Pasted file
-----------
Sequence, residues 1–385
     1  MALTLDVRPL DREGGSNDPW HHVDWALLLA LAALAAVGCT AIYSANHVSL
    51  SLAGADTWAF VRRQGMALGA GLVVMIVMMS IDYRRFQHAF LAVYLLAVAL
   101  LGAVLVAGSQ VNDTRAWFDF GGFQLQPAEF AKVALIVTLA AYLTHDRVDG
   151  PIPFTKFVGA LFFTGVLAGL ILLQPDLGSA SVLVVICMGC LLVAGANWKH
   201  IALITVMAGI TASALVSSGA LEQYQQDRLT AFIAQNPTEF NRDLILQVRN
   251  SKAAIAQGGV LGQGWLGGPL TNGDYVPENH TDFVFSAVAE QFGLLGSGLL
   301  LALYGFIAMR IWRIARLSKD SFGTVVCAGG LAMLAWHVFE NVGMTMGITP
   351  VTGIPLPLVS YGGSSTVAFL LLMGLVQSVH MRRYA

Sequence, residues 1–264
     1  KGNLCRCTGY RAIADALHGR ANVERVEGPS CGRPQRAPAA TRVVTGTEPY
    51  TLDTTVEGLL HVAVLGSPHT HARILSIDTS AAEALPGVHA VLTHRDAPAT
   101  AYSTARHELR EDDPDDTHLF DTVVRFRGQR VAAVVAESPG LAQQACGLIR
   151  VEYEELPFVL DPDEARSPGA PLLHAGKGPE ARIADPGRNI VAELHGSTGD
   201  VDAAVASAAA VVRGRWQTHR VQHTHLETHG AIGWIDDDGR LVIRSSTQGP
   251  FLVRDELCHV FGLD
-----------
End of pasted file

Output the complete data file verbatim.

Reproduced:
Sequence, residues 1–385
     1  MALTLDVRPL DREGGSNDPW HHVDWALLLA LAALAAVGCT AIYSANHVSL
    51  SLAGADTWAF VRRQGMALGA GLVVMIVMMS IDYRRFQHAF LAVYLLAVAL
   101  LGAVLVAGSQ VNDTRAWFDF GGFQLQPAEF AKVALIVTLA AYLTHDRVDG
   151  PIPFTKFVGA LFFTGVLAGL ILLQPDLGSA SVLVVICMGC LLVAGANWKH
   201  IALITVMAGI TASALVSSGA LEQYQQDRLT AFIAQNPTEF NRDLILQVRN
   251  SKAAIAQGGV LGQGWLGGPL TNGDYVPENH TDFVFSAVAE QFGLLGSGLL
   301  LALYGFIAMR IWRIARLSKD SFGTVVCAGG LAMLAWHVFE NVGMTMGITP
   351  VTGIPLPLVS YGGSSTVAFL LLMGLVQSVH MRRYA

Sequence, residues 1–264
     1  KGNLCRCTGY RAIADALHGR ANVERVEGPS CGRPQRAPAA TRVVTGTEPY
    51  TLDTTVEGLL HVAVLGSPHT HARILSIDTS AAEALPGVHA VLTHRDAPAT
   101  AYSTARHELR EDDPDDTHLF DTVVRFRGQR VAAVVAESPG LAQQACGLIR
   151  VEYEELPFVL DPDEARSPGA PLLHAGKGPE ARIADPGRNI VAELHGSTGD
   201  VDAAVASAAA VVRGRWQTHR VQHTHLETHG AIGWIDDDGR LVIRSSTQGP
   251  FLVRDELCHV FGLD